Listen to AZ Phil...
5. Who are the Cubs most realistic and valuable trade commodities?
I guess it would have to be the young arms, like Gallagher, Hart, and (gulp!) Marmol. I don't like Jacque Jones at all and would be happy to see him moved, but I think it's naive to assume other teams wouldn't see the same shortcomings in Jones's game that so vexed Cub fans for a good part of 2007. Then again, he used to drive the White Sox crazy; maybe Kenny Williams can provide him a good and loving home.
I love trading junk. Your junk for mine, then send em down to Iowa. Hear that siren song of Cotts for Aardsma? Todd Hundley for Mark Grudzielanek and Eric Karros, now THAT was a trade! Ohman, Wuertz, Pagan and Blanco for Matt Holliday? Twist my arm and I'll throw in Jacques Jones and Ryan Dempster.
I like Sean Marshall alot but 3 lefty starters that aren't hard throwers is a bit repetitive. I still consider him very valuable especially as pitching injuries can ruin a team and he really seems to make use what he learns with more experience in the league, so I'd rather keep him unless it's a no brainer type trade.
I imagine people will be calling Hendry about the Seans (Gallagher and Marshall), as well as Felix Pie and Matt Murton, since there's only going to be one outfield opening next spring.
The Cubs likely spent their cash last off-season as mentioned, so any improvements will have to arrive via the trade market and teams are always looking for major-league ready talent with plenty of service time left. Since I think the Cubs are sincere in letting Felix Pie be the guy in the very near future, I would guess that makes Sean Marshall, Matt Murton and Eric Patterson the team's most attractive and reasonable trade bait. The other prime bait would be relievers as teams tend to panic over bad bullpens. That makes me think guys like Scott Eyre, Ryan Dempster and Bob Howry could all fetch something. All three have a year left on their deals and a team could avoid the shaky free agent market.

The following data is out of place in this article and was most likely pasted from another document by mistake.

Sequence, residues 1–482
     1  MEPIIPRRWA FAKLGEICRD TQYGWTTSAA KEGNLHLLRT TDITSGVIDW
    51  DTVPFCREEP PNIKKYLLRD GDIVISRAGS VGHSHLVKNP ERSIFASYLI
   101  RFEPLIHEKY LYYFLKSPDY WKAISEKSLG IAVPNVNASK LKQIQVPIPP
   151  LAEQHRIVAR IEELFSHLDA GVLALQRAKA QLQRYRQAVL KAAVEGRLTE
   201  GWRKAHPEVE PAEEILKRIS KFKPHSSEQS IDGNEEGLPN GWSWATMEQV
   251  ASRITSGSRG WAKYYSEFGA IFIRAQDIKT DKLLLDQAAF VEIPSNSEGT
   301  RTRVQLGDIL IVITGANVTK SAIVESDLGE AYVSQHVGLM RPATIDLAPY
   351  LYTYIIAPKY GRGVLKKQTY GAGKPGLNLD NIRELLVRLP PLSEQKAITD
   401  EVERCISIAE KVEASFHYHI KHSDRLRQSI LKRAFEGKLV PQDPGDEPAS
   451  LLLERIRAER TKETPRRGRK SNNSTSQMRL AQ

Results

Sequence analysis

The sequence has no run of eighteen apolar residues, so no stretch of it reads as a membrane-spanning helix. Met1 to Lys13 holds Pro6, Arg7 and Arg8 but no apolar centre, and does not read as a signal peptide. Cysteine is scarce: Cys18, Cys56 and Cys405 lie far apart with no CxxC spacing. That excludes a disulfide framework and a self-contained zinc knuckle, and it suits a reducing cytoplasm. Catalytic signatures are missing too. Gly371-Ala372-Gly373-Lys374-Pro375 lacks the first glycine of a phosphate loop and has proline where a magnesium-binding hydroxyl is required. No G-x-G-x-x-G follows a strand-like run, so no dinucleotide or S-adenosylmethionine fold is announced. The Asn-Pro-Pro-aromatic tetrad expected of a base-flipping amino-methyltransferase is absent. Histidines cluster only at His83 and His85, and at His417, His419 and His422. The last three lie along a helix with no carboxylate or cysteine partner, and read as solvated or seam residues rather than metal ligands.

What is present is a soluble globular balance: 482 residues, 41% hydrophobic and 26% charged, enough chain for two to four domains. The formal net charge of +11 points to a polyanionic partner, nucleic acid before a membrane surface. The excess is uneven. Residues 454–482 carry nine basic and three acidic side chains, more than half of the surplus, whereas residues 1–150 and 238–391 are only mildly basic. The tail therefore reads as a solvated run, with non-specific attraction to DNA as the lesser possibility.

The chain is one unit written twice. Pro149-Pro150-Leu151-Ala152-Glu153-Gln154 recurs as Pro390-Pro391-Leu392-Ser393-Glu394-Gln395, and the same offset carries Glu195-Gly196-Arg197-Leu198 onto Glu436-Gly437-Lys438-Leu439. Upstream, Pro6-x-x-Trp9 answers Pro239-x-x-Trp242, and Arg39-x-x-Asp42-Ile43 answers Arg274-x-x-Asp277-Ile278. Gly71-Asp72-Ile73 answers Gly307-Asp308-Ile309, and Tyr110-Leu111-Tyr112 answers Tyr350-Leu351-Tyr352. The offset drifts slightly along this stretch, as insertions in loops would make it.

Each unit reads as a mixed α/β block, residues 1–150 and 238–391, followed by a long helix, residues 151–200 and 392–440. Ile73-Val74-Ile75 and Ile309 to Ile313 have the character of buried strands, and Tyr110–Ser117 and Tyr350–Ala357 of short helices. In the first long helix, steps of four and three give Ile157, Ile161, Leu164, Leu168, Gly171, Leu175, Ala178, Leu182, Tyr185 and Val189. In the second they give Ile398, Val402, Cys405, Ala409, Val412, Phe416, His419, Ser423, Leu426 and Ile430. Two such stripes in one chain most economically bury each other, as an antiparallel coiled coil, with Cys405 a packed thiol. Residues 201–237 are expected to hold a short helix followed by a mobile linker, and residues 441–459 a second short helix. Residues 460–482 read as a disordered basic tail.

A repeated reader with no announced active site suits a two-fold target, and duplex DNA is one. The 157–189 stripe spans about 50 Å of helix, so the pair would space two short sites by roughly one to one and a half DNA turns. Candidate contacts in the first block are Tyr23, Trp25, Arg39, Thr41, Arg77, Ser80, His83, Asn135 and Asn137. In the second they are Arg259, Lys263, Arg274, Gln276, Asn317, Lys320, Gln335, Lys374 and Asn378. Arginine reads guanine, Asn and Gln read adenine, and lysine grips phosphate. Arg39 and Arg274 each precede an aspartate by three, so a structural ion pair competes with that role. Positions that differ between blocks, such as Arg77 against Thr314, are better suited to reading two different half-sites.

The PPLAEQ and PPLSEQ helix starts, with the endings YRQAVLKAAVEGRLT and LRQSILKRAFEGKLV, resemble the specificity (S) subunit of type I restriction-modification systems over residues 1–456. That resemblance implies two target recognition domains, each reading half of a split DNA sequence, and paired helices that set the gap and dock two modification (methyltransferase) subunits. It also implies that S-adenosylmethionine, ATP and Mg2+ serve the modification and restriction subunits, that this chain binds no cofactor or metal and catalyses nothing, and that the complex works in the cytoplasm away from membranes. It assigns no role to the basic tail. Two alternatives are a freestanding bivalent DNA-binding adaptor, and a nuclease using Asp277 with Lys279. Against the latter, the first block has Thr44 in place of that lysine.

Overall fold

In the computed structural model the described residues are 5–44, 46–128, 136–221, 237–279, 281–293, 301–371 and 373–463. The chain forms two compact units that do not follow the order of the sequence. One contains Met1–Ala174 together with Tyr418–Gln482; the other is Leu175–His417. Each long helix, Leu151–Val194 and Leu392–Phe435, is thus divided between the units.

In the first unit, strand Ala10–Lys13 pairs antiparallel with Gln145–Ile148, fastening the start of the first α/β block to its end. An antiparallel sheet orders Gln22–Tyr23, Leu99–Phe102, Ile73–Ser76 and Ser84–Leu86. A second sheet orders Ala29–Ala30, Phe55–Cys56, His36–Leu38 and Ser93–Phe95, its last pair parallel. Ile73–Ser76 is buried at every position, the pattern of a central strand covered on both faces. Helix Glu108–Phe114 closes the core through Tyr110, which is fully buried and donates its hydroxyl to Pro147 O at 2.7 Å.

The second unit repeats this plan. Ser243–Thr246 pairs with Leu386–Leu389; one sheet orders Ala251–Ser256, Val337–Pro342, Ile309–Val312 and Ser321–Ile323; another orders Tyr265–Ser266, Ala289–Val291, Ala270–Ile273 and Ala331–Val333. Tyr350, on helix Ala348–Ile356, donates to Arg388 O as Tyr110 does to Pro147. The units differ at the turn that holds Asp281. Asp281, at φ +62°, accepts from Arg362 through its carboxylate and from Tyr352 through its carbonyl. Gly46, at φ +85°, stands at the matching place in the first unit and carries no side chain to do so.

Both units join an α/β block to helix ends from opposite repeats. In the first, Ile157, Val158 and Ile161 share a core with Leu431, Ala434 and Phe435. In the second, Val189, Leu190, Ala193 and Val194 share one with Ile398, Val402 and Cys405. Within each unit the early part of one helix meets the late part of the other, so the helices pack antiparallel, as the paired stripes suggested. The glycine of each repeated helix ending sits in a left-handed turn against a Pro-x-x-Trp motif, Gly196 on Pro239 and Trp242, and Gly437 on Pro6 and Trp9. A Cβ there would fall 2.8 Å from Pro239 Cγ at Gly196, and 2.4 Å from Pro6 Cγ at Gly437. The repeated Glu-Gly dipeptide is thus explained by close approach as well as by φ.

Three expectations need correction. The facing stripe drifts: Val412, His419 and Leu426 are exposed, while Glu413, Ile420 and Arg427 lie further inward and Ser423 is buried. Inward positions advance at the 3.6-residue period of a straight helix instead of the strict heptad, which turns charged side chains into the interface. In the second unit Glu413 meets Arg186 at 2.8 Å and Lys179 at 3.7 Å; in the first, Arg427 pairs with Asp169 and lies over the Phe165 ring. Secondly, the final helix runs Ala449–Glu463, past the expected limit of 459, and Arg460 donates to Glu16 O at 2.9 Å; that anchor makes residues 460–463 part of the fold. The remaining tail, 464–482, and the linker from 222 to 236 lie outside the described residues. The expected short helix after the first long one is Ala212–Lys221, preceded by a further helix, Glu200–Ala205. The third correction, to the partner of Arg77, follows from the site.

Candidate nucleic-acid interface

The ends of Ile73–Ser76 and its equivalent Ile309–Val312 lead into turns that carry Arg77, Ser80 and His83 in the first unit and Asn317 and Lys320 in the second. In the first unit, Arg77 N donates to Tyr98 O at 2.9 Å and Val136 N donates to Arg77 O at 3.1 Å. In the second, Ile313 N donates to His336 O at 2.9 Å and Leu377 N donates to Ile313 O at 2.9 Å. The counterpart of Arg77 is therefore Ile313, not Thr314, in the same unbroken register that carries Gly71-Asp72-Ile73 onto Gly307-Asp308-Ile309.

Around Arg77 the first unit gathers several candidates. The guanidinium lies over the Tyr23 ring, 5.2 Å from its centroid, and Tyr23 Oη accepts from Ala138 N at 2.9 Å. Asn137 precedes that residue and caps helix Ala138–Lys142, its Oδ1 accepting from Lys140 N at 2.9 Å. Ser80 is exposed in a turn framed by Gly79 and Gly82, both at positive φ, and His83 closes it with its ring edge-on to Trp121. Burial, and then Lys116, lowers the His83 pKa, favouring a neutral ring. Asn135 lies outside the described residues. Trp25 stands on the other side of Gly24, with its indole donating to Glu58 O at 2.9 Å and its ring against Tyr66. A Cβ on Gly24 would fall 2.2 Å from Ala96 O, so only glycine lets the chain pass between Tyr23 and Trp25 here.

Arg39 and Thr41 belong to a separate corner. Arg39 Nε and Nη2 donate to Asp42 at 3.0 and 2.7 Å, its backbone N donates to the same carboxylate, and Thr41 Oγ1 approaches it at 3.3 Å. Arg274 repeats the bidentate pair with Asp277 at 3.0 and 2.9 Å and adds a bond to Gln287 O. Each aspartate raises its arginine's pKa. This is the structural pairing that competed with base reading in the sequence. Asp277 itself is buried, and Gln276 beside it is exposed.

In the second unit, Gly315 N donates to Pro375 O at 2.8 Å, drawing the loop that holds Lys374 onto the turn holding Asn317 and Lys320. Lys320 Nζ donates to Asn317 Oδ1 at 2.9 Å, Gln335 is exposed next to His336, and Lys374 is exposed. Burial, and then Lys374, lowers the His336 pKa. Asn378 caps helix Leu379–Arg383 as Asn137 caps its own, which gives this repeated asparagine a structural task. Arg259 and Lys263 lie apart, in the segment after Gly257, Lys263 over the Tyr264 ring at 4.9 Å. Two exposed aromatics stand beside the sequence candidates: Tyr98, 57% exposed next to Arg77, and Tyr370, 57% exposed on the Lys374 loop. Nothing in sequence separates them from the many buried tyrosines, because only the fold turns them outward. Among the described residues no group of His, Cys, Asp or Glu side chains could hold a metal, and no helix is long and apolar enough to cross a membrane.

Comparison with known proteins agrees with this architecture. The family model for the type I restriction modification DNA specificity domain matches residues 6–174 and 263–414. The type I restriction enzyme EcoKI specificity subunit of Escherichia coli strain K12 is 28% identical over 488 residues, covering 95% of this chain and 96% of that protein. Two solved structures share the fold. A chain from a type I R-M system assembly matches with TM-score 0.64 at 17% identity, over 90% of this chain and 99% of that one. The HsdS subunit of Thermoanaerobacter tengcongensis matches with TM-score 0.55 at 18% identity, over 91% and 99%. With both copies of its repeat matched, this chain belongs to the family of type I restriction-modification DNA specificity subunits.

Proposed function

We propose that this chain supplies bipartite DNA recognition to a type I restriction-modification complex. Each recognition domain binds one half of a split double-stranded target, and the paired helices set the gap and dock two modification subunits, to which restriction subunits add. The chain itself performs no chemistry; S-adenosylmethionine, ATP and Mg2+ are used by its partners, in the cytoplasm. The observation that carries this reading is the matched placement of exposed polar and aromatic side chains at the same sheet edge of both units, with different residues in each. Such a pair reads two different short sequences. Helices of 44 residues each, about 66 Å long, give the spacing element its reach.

I suspect the Cubs would like to move Ryan Dempster, Jacque Jones, Will Ohman, Scott Eyre, and Jason Marquis (plus Mark Prior, Craig Monroe, and Neal Cotts before they get non-tendered on 12/12).
The most valuable trading chips are the young MLB-ready rotation starters (Sean Marshall, Sean Gallagher, and Kevin Hart), plus the young MLB-ready position players (especially Geovany Soto and Felix Pie). Of the young Cubs pitchers and position players, Soto is the least-likely to be incluuded in a trade because there is no duplication at that position.
You know nothing AZ Phil, what the heck are you talking about? Freak.
We'll pose the same five questions to some members of the Cubs blogosphere for tomorrow. And we were kidding around with Transmission, he didn't have time to participate.